For any \(1\le j < \ell \) and \(d\in {\mathbb {N}}\), it holds that \(\Pr _{f\leftarrow \mathcal{{F}}}\left[ E_{\mathcal{A},f}^{(j+1)} \wedge \lnot E_{\mathcal{A},f}^{(j)}\;|\;d_{\mathcal{A},f}^{(j+1)} = d\right] \le \frac{d}{2^{{k_{out}}}}\).

Proof

By simple rules of conditional probability, it suffices to prove \(\Pr _{f\leftarrow \mathcal{{F}}}\left[ E_{\mathcal{A},f}^{(j+1)} \;|\;\lnot E_{\mathcal{A},f}^{(j)}\wedge d_{\mathcal{A},f}^{(j+1)} = d\right] \le \frac{d}{2^{{k_{out}}}}\). For \(E_{\mathcal{A},f}^{(j+1)}\) to occur, there needs to be a pair \(\left( \hat{s}_1,\hat{s}_2 \right) \) that is dangerous w.r.t. \(Q_{\mathcal{A},f}^{(j+1)}\) and \({g^f(\hat{s}_1) = g^f(\hat{s}_2})\). The condition that \(E_{\mathcal{A},f}^{(j)}\) does not occur yields that if \(\left( \hat{s}_1,\hat{s}_2 \right) \) is dangerous w.r.t. \(Q_{\mathcal{A},f}^{(j)}\), then \({g^f(\hat{s}_1) \ne g^f(\hat{s}_2})\). Hence, for computing the probability that such a pair exists, one should only consider pairs that are dangerous w.r.t. \(Q_{\mathcal{A},f}^{(j+1)}\) and are not dangerous w.r.t. \(Q_{\mathcal{A},f}^{(j)}\).

Let \(\left( \hat{s}_1,\hat{s}_2 \right) \) be a pair that is dangerous w.r.t. \(Q_{\mathcal{A},f}^{(j+1)}\) and not dangerous w.r.t. \(Q_{\mathcal{A},f}^{(j)}\). Note that there exists a (single) \(1\le i\le n\) with \(C(\hat{s}_1)_i = q_{\mathcal{A},f}^{(j+1)} \ne C(\hat{s}_2)_i\); the existences holds since otherwise, this pair is already a dangerous pair w.r.t. \(Q_{\mathcal{A},f}^{(j)}\), and the uniqueness follows since C is well-ordered. We next compute the probability that \({g^f(\hat{s}_1) = g^f(\hat{s}_2})\). Consider any fixing of all f queries but \(C(s_1)_i\) that is consistent with the actual answers of f on the queries in \(Q_{\mathcal{A},f}^{(j)}\) (specifically, \(E_{\mathcal{A},f}^{(j)}\) does not occur and \(d_{\mathcal{A},f}^{(j+1)}=d\) for such fixings). Since C is well ordered, this fixes \(C(s_t)_{j}\) for all \(t\in \left\{ 1,2\right\} \) and \(j\notin [n]\). For each such fixing, it holds that
$$\begin{aligned} \Pr \left[ g^f(\hat{s}_1) = g^f(\hat{s}_2)\right]&= \Pr _{}\left[ f\left( C(\hat{s}_1)_i \right) = \bigoplus _{j\in [n]\setminus \left\{ i\right\} } f\left( C(\hat{s}_1)_j \right) \oplus \bigoplus _{j\in [n]} f\left( C(\hat{s}_2)_j \right) \right] \nonumber \\&= 2^{-{k_{out}}}.\nonumber \end{aligned}$$
By assumption, there are d such dangerous pairs. Hence, by a union bound, the claim follows.

Proof

(Proof of Claim 4 ). Since \(Q_{\mathcal{A},f}= Q_{\mathcal{A},f}^{(\ell )}\), it holds that \(E_{\mathcal{A},f} :=E_{\mathcal{A},f}^{(\ell )}\) is the event that there exists a pair \(\left( \hat{s}_1,\hat{s}_2 \right) \in \left( {\{0,1\}}^v \right) ^2\) of distinct elements that is dangerous w.r.t. \(Q_{\mathcal{A},f}\) and \(g^f(\hat{s}_1) = g^f(\hat{s}_2)\). Clearly, the probability of \(E_{\mathcal{A},f}\) upperbounds the probability that \(\mathcal{A}\) outputs such a pair.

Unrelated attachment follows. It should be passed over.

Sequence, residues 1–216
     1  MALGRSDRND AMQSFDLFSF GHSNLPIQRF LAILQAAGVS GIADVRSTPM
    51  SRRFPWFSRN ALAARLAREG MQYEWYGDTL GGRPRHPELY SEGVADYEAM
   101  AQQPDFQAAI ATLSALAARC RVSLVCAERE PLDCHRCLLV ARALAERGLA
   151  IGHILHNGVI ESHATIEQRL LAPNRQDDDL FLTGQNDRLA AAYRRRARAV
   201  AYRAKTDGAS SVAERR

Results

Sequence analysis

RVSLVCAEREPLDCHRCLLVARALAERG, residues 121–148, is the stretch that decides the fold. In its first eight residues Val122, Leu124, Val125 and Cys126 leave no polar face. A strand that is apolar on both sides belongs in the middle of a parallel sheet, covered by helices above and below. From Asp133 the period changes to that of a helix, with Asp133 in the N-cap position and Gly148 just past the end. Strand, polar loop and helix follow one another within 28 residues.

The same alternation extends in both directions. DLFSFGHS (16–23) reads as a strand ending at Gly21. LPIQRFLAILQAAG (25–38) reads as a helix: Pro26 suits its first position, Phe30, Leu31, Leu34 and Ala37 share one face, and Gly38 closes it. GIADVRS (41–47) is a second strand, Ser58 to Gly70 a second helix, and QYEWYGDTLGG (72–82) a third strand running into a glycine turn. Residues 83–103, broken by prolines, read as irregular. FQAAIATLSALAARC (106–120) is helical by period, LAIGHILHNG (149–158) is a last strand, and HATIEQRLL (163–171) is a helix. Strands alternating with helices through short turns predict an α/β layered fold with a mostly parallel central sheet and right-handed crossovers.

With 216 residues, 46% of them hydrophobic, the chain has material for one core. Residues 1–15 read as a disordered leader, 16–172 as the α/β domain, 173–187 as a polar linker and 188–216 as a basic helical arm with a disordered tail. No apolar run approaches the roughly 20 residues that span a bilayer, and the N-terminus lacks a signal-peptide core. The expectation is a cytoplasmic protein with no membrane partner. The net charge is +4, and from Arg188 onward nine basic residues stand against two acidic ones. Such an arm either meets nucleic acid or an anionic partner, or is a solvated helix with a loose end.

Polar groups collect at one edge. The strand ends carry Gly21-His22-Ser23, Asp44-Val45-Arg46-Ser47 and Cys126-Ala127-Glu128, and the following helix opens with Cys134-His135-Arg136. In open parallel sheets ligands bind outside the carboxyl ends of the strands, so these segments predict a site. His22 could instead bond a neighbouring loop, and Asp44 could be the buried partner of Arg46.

Evidently, \(E_{\mathcal{A},f}^{(1)}\) can never occur, since no pair is dangerous w.r.t. a single query. Furthermore, \(E_{\mathcal{A},f}^{(j')}\) for any \(j'\le j\) implies \(E_{\mathcal{A},f}^{(j)}\). Hence, we have that
$$\begin{aligned} \mathop {\Pr }\limits _{f\leftarrow \mathcal{{F}}}[E_{\mathcal{A},f}]&= \sum _{j=1}^{\ell -1}\mathop {\Pr }\limits _{f\leftarrow \mathcal{{F}}}[E_{\mathcal{A},f}^{(j+1)}\wedge \lnot E_{\mathcal{A},f}^{(j)}]\le \sum _{j=1}^{\ell -1}\mathop {\mathrm{E}}\limits _{f\leftarrow \mathcal{{F}}}{\frac{d_{\mathcal{A},f}^{(j+1)}}{2^{{k_{out}}}}}, \end{aligned}$$
(1)
where the inequality follows from Claim 6. By linearity of expectation, it holds that
$$\begin{aligned} \mathop {\Pr }\limits _{f\leftarrow \mathcal{{F}}}[E_{\mathcal{A},f}]&\le 2^{-{k_{out}}}\cdot \mathop {\mathrm{E}}\limits _{f\leftarrow \mathcal{{F}}}{\sum _{j=1}^{\ell -1}{d_{\mathcal{A},f}^{(j+1)}}} \le 2^{-{k_{out}}}\cdot {L \atopwithdelims ()2}. \end{aligned}$$
(2)
The last inequality follows since
$$\begin{aligned} {\sum _{j=1}^{\ell -1}{d_{\mathcal{A},f}^{(j+1)}}}\le {L \atopwithdelims ()2} \end{aligned}$$
(3)
for every \(f\in \mathcal{{F}}\). To see that Eq. (3) holds, note that each pair that is dangerous w.r.t. \({Q_{\mathcal{A},f}^{(j)}}\) is also dangerous w.r.t. \(Q_{\mathcal{A},f}^{(\ell )}\) (i.e., the set of all queries made by \(\mathcal{A}\)). Furthermore, each such dangerous pair \((s,s')\) is only counted by a single \({d_{\mathcal{A},f}^{(j)}}\), i.e., for the first j in which \(Q_j\) contains all the queries \(C(s)_i\ne C(s')_i\). Hence, Eq. (3) follows from Corollary 1.

5 Beyond Collision-Resistance

We suggest some applications of the XOR parallel domain-extension scheme described in [20] to parallel constructions of other cryptographic primitives in the random oracle model. These applications exploit both the collision-resistance and weak-indifferentiability properties of our construction. In this section we give a high level description of these applications and refer the reader to [20] for formal statements.

Fiat-Shamir Paradigm. We show that the XOR parallel domain-extension scheme can be used to implement the Fiat-Shamir paradigm for converting any three-message public-coin argument, which may possibly employ a random oracle, into a non-interactive (i.e., single-message) argument in the random oracle model.